Abu Akleh, who had worked for the Al Jazeera news network for 25 years as one of the most prominent journalists reporting in Israeli-occupied Palestinian territories, died of a bullet wound on May 11 while covering an Israeli army raid in the Jenin refugee camp in the West Bank.

She was wearing a blue vest with large white letters stating “PRESS.” During Abu Akleh’s massive funeral on May 13, Israeli police beat people carrying her casket.

“We’re not even able to bury our dead in peace,” said AROC organizer Sharif Zakout during a speech at the San Francisco protest. “It’s disgusting.”

AROC, Palestinian Action Network, Palestinian Youth Movement, and Jewish Voice For Peace organized the San Francisco demonstration. It was one of at least 60 such actions occurring between May 14-16 around the world to remember Abu Akleh and to mark Nakba Day, an annual commemoration for Palestinians that began after 1948, when the British government formally stopped recognizing the state of Palestine and recognized Israel in its place.

This sparked the Arab-Israeli war when Zionist military forces expelled over 750,000 Palestinians and captured 78% of Palestine’s land.

In an interview at the protest, Lisa Rofel, a member of Jewish Voice For Peace, spoke out against Israeli occupation and explained why the Jewish group was present.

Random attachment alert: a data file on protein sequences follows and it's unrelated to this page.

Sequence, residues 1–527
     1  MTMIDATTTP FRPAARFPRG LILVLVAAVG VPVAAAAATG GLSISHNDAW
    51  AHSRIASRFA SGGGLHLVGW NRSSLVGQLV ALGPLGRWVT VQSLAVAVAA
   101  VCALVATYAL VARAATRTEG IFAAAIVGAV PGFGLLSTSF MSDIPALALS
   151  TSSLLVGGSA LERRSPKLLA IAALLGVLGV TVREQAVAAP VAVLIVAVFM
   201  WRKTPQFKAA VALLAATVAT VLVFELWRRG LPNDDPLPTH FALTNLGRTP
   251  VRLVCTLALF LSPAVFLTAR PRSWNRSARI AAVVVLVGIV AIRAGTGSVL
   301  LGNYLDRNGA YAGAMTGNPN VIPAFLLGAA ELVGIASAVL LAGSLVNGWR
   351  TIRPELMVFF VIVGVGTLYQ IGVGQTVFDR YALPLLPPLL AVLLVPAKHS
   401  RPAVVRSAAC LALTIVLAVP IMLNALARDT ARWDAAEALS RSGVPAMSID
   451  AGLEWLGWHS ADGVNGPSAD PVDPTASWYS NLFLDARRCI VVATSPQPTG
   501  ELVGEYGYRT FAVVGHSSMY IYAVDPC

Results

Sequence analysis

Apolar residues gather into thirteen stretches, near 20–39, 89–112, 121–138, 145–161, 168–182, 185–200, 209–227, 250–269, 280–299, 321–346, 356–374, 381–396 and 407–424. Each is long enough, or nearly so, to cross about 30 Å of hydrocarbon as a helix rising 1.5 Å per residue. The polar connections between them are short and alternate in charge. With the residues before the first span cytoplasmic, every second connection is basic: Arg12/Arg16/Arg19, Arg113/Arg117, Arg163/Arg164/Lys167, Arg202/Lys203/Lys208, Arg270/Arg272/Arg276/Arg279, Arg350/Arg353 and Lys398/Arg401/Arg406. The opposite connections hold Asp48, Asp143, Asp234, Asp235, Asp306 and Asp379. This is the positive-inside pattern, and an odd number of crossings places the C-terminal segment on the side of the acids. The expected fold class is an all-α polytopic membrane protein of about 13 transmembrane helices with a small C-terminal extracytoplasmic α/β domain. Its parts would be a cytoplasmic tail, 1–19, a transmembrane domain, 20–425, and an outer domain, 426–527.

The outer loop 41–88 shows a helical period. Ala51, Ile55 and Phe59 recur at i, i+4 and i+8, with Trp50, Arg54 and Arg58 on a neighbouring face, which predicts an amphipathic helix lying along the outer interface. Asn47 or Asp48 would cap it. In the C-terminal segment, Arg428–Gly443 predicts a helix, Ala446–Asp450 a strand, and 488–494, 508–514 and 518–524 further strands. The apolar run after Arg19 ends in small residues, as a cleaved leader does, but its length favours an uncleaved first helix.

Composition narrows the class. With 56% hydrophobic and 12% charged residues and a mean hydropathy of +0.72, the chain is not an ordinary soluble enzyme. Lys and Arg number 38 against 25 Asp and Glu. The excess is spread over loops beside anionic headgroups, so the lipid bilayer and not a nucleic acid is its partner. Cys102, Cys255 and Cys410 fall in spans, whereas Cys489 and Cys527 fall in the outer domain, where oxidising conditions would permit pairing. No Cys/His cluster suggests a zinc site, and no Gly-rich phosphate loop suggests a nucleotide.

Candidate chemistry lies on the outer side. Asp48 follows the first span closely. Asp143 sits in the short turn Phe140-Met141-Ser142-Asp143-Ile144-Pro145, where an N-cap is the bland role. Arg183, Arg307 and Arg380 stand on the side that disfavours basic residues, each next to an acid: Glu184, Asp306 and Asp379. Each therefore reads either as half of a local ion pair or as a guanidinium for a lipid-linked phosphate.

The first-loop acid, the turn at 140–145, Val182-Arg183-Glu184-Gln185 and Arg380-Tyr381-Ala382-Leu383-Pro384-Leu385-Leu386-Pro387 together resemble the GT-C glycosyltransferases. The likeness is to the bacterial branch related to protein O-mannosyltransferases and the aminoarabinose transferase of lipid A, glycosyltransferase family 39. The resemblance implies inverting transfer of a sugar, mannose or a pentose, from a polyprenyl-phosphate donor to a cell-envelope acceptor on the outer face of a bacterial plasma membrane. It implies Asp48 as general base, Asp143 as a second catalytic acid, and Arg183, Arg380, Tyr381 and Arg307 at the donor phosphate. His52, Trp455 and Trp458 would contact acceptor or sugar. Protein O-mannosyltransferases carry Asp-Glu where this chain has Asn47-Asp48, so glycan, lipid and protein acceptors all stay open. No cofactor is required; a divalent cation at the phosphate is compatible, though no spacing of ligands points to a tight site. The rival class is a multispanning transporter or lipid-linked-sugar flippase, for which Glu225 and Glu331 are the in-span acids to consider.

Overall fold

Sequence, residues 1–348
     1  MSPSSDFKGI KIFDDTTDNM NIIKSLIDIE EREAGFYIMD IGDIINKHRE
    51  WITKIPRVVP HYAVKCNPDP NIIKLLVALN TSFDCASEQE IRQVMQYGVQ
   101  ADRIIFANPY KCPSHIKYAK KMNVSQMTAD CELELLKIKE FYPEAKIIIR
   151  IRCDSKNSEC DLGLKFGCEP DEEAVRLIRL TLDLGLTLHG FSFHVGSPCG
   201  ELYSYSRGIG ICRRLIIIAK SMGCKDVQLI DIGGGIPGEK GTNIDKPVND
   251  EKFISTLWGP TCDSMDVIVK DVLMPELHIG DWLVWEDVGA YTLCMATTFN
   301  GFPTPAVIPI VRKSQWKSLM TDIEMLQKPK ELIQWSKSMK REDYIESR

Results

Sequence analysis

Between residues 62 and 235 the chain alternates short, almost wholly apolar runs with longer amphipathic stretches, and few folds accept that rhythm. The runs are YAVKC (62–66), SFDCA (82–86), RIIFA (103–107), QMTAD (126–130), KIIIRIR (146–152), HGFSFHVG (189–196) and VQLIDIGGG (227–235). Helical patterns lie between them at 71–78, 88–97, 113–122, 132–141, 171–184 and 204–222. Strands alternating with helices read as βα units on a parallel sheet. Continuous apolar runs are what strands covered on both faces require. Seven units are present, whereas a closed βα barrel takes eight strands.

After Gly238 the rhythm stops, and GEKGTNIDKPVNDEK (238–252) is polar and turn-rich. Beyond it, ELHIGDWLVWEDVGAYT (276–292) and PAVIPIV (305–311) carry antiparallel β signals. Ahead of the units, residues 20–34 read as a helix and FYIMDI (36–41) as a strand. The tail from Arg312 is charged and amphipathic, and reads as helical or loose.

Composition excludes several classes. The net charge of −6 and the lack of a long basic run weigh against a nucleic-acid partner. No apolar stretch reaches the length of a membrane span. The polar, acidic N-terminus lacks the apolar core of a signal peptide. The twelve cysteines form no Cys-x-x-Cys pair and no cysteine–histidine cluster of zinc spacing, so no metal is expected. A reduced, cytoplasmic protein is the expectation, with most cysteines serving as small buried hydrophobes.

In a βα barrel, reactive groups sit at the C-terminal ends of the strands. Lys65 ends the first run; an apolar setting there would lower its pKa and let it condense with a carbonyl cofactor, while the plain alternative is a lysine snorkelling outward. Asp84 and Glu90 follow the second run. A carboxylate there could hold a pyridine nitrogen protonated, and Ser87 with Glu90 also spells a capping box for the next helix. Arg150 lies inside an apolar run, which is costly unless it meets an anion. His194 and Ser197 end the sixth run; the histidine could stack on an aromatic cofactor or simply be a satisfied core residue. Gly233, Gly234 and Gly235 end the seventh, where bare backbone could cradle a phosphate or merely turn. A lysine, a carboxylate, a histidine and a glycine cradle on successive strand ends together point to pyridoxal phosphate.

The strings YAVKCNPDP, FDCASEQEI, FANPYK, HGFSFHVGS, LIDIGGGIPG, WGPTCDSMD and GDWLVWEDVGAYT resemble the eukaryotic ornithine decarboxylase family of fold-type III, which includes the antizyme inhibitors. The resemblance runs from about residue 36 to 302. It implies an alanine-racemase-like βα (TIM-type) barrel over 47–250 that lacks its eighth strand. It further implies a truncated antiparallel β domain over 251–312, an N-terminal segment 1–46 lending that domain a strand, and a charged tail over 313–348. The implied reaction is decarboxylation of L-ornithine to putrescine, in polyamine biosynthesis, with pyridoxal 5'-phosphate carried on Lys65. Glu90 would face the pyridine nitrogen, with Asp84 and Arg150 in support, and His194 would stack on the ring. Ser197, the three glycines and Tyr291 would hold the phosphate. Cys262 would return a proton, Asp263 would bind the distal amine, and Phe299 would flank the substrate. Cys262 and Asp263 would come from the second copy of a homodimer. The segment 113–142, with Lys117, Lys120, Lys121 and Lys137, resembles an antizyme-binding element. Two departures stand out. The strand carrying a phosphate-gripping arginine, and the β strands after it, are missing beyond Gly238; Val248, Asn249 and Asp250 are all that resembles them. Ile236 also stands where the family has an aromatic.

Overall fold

“We’re here because we strongly support the Palestinian struggle for liberation from Israeli occupation,” Rofel said. “It’s an occupation which has been vicious, cruel and inhumane and now has turned into military rule over almost every aspect of Palestinians’ lives. We also demand an end to U.S. complicity in that occupation.”

According to a report by Congressional Research Service, the Biden administration has allocated over $3.8 billion in military financing and missile defense funding to Israel this year.

During the demonstration, a diverse array of people that included elders along with young children, marched about a mile-long route carrying signs, banners, Palestinian flags, and art as they chanted in English and Arabic. Over 18 marchers carried one giant Palestinian flag together.

Some protesters carried signs stating 55 journalists have been killed by Israeli forces since 2000, a figure The Palestinian Journalists’ Union cites.

Other protesters carried signs calling attention to Ahmed Manasra, a 21-year-old Palestinian who has been imprisoned since he was arrested at age 13 after being with his cousin, who allegedly stabbed two Israeli settlers in Pisgat Ze’ev.

The International Committee of the Red Cross, UN bodies and the International Court of Justice considers Pisgat Ze’ev an illegal settlement.

Chris Gazaleh, a Palestinian American artist based in San Francisco, made some of the art for the rally by creating signs inspired by Palestinian architecture and Arabic calligraphy to represent cities that Zionists ethnically cleansed during the 1948 Nakba.

During a speech at this year’s San Francisco Nabka rally, Rivka Louissant, a Haitian cultural worker who organizes with the an anti-war and anti-racism coalition ANSWER, spoke about how people and organizations are increasingly supporting an end to Israeli occupation and the struggle for Palestinian autonomy.